A 20-year-old cousin of Mayor Stephanie Rawlings-Blake was one of two men fatally shot in separate incidents Wednesday night in Baltimore, the latest victims of the city's relentless pace of gun violence.
Joseph Haskins, 20, was shot inside a house just blocks from his family's home in the Northwest Baltimore neighborhood of Forest Park.
Police said the shooting appeared to be the result of home invasion robbery, but detectives still were investigating. They said it was unclear whether Haskins was targeted.
"This is a tragedy for my entire family," the mayor said in a statement, asking for privacy. "Senseless gun violence affects the lives of too many people — here in Baltimore, and in cities and communities across the America."
Haskins, a graduate of Forest Park High School, was studying to become a chef, a spokeswoman for the family said.
He was the son of Debbie Haskins, a psychologist, and the Rev. Bruce Haskins, pastor of John Wesley United Methodist Church and the mayor's first cousin. Bruce Haskins offered a prayer at the mayor's inauguration in 2010.
Another family spokesman said Joseph Haskins was visiting friends when he was shot.
According to police, officers responded at 11:43 p.m. Wednesday to a home in the 4100 block of Ethland Ave., where they found Haskins suffering from gunshot wounds to the shoulder and back. They did not say how many others were present.
The shooting happened after one or more attackers entered the house and announced a robbery. Haskins was pronounced dead at 2:20 a.m. at Sinai Hospital.
The Rev. Stephen Tillett, a friend of the family acting as a spokesman, said Haskins had a 2-month-old daughter.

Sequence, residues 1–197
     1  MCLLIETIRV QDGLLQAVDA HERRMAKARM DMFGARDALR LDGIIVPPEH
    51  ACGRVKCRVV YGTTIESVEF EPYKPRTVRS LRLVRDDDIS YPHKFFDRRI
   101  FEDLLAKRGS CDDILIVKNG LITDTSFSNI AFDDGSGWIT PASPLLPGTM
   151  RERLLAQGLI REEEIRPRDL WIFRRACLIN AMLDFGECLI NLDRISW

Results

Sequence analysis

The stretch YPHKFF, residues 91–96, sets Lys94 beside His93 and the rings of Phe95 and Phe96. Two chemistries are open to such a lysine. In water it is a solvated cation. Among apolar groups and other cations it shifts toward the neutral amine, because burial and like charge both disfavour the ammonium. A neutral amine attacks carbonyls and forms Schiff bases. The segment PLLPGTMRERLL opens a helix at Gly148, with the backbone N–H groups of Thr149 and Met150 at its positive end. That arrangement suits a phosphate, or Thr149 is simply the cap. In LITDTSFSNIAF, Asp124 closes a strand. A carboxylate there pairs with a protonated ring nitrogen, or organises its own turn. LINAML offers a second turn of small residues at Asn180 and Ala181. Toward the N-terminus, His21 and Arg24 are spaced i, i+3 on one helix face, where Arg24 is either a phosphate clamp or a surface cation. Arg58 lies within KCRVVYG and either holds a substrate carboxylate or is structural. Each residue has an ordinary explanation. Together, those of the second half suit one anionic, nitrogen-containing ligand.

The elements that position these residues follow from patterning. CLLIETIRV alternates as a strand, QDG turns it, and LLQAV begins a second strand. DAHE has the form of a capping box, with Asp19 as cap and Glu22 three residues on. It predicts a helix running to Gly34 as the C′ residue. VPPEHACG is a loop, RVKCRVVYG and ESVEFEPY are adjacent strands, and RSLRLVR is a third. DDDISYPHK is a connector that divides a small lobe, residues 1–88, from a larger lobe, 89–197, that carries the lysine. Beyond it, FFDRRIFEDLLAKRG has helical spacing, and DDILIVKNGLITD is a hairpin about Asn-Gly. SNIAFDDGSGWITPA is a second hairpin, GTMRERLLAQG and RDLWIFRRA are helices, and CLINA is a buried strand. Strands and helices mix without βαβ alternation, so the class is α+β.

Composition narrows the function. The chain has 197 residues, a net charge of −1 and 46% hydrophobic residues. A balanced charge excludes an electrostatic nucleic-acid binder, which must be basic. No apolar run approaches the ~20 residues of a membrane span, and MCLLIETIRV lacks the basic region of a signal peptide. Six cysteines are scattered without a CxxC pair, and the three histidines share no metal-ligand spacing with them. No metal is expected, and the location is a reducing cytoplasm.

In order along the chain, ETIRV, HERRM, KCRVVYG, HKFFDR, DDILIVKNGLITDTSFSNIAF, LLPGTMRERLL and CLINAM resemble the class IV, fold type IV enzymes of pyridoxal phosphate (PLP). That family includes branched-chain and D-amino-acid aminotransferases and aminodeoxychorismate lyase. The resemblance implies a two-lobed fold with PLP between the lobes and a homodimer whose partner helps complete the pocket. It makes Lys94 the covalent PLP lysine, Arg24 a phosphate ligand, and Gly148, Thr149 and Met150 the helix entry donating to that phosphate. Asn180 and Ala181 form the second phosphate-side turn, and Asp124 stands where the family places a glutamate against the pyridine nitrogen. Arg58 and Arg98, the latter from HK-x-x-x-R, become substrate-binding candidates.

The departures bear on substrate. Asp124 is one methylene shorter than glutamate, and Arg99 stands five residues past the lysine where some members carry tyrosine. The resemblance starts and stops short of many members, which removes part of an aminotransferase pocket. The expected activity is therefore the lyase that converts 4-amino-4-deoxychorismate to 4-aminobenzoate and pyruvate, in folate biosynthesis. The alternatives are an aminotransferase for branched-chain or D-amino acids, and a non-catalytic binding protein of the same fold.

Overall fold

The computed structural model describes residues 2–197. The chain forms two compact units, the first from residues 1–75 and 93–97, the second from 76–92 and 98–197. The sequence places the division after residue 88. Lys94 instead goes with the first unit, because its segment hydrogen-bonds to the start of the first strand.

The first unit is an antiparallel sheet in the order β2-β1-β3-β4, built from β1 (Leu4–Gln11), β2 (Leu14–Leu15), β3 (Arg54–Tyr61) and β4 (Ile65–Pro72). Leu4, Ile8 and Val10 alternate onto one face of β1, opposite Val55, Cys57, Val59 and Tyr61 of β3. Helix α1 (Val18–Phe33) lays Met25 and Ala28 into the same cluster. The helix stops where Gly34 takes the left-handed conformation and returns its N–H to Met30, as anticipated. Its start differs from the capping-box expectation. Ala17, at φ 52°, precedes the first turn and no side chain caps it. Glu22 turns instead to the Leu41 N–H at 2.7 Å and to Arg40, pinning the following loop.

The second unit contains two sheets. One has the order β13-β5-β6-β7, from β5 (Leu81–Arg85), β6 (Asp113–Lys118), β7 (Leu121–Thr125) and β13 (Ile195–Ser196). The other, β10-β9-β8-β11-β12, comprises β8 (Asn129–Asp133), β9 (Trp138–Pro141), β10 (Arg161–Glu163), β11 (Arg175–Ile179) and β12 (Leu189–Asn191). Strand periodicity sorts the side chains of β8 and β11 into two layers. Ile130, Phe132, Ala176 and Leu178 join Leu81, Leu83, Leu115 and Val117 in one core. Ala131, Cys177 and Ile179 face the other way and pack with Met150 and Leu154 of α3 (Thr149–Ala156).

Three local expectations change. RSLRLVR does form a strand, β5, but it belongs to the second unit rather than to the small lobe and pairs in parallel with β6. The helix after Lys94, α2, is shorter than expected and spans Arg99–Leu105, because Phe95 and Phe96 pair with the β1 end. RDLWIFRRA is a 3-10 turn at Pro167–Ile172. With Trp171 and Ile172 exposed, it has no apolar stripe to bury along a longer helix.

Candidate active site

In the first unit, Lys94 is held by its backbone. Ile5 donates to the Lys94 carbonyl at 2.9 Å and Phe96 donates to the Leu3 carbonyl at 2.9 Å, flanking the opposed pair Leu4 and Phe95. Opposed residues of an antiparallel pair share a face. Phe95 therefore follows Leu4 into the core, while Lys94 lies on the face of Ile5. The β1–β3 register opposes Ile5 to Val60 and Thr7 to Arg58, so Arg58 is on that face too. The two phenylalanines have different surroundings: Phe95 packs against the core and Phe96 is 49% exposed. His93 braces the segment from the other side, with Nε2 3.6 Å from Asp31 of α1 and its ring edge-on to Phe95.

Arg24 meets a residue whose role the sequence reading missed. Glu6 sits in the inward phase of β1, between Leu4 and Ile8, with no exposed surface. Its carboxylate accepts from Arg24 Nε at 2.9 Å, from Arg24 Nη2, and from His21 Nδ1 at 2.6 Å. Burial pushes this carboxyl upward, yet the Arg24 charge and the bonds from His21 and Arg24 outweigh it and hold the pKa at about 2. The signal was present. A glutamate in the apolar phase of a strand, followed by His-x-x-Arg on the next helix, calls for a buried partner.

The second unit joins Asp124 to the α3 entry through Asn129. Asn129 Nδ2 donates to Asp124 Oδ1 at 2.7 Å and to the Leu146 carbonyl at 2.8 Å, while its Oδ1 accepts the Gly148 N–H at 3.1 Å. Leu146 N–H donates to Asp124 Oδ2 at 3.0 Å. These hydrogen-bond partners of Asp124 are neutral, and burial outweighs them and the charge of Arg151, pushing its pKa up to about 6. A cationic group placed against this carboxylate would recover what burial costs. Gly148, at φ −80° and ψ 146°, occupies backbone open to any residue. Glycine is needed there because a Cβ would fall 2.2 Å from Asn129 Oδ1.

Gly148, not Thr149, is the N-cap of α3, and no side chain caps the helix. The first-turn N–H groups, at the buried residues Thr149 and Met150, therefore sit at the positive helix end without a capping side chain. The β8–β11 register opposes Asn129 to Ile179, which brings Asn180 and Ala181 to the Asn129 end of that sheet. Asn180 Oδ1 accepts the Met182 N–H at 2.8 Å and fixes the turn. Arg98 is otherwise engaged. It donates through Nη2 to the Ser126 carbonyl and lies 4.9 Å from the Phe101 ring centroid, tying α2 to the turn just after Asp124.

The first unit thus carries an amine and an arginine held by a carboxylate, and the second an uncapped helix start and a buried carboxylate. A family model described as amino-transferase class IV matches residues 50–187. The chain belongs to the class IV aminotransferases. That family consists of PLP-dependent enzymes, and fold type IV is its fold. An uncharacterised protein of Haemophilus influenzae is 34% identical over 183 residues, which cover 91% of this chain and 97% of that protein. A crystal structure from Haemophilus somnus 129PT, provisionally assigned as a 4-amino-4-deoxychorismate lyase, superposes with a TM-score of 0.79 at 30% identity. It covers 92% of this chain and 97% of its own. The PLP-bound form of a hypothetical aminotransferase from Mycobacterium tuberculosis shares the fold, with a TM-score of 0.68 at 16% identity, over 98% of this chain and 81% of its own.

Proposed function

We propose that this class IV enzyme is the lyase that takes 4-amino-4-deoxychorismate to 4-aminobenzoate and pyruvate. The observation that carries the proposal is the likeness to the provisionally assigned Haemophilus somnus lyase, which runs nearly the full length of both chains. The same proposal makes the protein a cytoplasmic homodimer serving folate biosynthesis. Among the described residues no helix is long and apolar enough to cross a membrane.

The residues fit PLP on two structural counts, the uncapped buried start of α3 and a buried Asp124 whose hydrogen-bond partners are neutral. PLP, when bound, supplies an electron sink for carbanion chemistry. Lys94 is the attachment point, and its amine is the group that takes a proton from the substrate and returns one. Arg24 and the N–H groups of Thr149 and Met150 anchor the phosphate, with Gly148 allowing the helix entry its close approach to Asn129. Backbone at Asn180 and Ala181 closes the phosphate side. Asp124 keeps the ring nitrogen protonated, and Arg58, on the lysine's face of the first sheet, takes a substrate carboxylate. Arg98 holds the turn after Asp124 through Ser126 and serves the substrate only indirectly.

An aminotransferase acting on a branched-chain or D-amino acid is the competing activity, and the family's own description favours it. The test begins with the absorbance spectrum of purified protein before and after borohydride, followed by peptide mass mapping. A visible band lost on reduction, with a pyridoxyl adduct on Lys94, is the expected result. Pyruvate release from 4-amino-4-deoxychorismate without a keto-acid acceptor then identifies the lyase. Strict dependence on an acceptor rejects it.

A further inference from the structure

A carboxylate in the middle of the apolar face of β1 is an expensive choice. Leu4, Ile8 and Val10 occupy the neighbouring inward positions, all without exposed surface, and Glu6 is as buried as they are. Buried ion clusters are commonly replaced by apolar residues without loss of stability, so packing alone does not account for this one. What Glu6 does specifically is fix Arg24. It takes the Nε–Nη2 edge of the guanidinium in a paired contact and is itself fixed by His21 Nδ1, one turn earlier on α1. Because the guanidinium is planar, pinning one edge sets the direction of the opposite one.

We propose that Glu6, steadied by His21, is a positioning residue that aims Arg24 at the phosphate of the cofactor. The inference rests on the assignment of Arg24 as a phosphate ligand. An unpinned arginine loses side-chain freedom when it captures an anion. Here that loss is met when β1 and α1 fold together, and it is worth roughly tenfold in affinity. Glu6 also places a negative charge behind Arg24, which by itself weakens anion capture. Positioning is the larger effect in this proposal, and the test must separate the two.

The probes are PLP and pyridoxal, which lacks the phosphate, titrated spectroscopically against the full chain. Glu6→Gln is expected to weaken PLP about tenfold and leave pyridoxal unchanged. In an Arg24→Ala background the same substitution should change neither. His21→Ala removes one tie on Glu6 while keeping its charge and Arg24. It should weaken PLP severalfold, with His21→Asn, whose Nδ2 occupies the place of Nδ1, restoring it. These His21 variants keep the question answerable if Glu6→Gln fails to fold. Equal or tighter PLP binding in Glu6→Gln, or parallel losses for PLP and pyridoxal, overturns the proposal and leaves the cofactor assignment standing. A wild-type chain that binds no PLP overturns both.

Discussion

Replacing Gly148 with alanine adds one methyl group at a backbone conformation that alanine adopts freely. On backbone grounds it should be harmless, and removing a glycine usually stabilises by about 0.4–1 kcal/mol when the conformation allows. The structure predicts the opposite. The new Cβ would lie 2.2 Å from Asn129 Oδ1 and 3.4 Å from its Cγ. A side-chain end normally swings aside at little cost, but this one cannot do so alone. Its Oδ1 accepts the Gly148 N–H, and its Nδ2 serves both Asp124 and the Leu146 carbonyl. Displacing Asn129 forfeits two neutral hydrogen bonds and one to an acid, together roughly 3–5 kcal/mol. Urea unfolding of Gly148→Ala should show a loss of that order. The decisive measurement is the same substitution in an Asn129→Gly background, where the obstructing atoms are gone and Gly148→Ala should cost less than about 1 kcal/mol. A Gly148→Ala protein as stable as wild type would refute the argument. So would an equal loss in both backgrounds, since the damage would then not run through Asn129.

"We ask people to keep us in prayer," Tillett said. "This is a difficult time. The family has deep roots in the city of Baltimore. They've always been about serving and caring for people. Now a lot of care is coming back to them.
"Joseph was a wonderful young man," Tillett said. "He was a nice kid, fun-loving. This is just random and a cowardly home invasion that's inexcusable.
"We're taking it hard, but we're a family of strong faith," Tillett said. "We're deeply rooted in the church, but we'll make it through, one day at a time. We're leaning on the Lord."
The shooting comes as homicides are up by 13 percent this year in Baltimore compared to last year — 76 versus 67— according to Police Department data. Total gun crimes have increased by 12 percent, including a 29 percent spike in street robberies with guns. But overall violent crime has dropped by 4 percent, police statistics show.
Violence has touched the mayor's family before. In 2010, she described to The Baltimore Sun an incident eight years earlier in which she found her younger brother, Wendell Rawlings, suffering from cuts to his neck, back and stomach. He had been attacked by masked men with a sword outside her home in the Coldspring neighborhood when he stopped by to drop off a laptop.
"He still had his coat on," she said in the interview. "I grabbed a towel and said, 'You've got to press this against your neck.'" She pressed another towel to his back and told him to lean against the bathroom door to control the bleeding while she called 911.
It appeared he might not survive, she said. The family called Thomas Scalea, the physician-in-chief at Maryland Shock Trauma Center, who rode in an ambulance to transport Rawlings from Sinai Hospital.
Rawlings-Blake, a former public defender who was vice president of the City Council when her brother was attacked, said it furthered her resolve to push for stricter penalties for violent criminals.
"We have to be vigilant to make sure that people who should not be walking among us are off the street," she said.
Haskins' killing came about two hours after a man was killed in a Reservoir Hill high-rise apartment building.
Detective Vernon Davis said that shooting, which was reported at about 9:22 p.m., stemmed from an argument that grew into a fight inside the stairwell of a building in the 2500 block of Eutaw Place. Detectives are investigating but have made no arrests, police said. The name of the victim was not released.
Capt. Stanley Brandford, commander of the homicide unit, said the cases did not appear related.
Baltimore Sun reporter Justin George contributed to this article.